Friday on My Mind, produced by Shel Talmy and recorded in England, captures the Easybeats at just about their peak, combining all of the best elements in the evolution of their sound under one cover. The Easybeats were still one of the most energetic outfits in rock music, with a raw, highly animated guitar attack, but they were trying (and largely succeeding with) ever more complex vocal harmony parts and some staccato guitar harmony as well that was pretty impressive, and at this stage they were working with a brace of gorgeous Harry Vanda/George Young originals. The ubiquitous title track is in excellent company, surrounded by an array of mid- to late-60's British rock treasures: a killer garage punk rendition of "River Deep, Mountain High," with a superb performance by Stevie Wright and what sounds almost like a sitar buried somewhere in the midst of the crisp electric guitars; "Do You Have a Soul," with its abrupt tempo changes, cascading choruses, chiming guitars, and hooks that seem to flow into each other effortless; "Saturday Night," with more sitar-like sounds beneath the radiant choruses and rhythm guitar hooks; the dramatic, angst-ridden "You Me, We Love," on which Vanda's guitar playing becomes as intense as Wright's wrenching vocal performance; "Pretty Girl," with its crunchy rhythm guitar sound and catchy lyric hooks and choruses; and "Made My Bed Gonna Lie in It," a punk anthem nearly as catchy and well-played as "I'm Not Like Everybody Else." Not everything on this album is as successful as these cuts, but it is all good listening, even the eerie, original album finale, "See Line Woman." In fact, only the rendition of Leiber and Stoller's "Hound Dog" may be out of place, and even it works as a change of pace. The label of "Australia's Beatles" may have proved an overstatement to some, but one can get a good look at its basis on this album -- it's loaded with actual and potential hit singles, yet it doesn't come off as lightweight in any way.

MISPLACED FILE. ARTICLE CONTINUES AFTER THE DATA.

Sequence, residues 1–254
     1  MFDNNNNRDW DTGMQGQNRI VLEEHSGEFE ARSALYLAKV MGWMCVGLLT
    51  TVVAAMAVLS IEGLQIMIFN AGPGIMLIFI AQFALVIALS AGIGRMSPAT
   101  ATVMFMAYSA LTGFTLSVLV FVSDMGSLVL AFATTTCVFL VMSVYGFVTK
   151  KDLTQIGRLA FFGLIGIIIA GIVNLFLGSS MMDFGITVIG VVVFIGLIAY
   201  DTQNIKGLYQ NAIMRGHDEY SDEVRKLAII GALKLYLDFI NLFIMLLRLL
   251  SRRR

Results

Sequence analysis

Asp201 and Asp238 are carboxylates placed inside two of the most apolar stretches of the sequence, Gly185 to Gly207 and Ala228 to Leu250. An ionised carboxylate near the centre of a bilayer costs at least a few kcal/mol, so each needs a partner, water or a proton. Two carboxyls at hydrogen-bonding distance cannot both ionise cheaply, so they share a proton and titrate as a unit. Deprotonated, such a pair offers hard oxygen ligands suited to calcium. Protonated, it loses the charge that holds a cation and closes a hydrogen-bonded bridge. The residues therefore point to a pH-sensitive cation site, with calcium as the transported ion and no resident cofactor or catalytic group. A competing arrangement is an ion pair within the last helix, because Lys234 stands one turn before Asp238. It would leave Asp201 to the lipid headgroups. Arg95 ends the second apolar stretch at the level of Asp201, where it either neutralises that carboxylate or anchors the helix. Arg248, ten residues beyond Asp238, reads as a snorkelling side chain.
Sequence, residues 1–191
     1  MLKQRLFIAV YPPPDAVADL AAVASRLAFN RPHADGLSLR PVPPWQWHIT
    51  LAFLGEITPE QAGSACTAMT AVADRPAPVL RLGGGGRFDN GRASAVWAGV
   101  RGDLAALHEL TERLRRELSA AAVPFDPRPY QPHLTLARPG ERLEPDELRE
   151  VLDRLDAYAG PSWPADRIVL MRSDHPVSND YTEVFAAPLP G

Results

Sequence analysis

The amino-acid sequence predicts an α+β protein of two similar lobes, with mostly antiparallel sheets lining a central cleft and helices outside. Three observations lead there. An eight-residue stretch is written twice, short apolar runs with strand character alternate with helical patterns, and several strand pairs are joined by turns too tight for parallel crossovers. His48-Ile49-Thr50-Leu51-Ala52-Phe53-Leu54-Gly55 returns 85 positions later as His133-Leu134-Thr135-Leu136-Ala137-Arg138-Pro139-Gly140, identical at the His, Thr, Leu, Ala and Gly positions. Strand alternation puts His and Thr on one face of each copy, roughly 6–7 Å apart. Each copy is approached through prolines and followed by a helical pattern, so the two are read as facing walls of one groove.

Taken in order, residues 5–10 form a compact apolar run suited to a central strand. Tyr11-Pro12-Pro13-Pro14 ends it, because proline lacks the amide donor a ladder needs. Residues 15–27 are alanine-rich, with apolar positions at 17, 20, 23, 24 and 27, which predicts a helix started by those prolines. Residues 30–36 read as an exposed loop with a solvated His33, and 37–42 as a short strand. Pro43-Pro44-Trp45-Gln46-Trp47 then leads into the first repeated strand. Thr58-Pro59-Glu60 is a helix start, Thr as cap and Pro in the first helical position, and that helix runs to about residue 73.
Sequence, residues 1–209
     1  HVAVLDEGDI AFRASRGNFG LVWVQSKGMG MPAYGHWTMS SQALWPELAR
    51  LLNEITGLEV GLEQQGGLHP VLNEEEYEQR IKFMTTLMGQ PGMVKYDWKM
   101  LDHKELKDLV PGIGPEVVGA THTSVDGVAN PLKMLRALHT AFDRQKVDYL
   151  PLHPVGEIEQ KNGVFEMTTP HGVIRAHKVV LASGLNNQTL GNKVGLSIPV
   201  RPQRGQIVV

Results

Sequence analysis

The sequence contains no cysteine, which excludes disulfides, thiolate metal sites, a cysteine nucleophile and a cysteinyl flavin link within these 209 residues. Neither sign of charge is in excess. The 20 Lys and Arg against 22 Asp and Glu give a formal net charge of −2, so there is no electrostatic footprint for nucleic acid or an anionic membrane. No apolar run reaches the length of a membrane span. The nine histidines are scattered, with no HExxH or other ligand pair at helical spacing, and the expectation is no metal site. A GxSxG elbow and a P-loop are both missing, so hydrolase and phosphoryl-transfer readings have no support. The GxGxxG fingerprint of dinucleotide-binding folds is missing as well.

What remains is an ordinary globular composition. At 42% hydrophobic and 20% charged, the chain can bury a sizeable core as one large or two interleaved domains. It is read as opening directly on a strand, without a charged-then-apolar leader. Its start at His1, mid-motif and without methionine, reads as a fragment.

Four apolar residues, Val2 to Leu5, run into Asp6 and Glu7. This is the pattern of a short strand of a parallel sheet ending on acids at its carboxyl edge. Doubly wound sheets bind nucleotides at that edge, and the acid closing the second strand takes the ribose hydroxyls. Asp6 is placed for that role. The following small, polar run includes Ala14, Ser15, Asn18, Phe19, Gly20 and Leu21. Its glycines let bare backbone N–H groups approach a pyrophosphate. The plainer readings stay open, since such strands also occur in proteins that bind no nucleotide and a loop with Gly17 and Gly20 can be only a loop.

AllMusic Review by Bruce Eder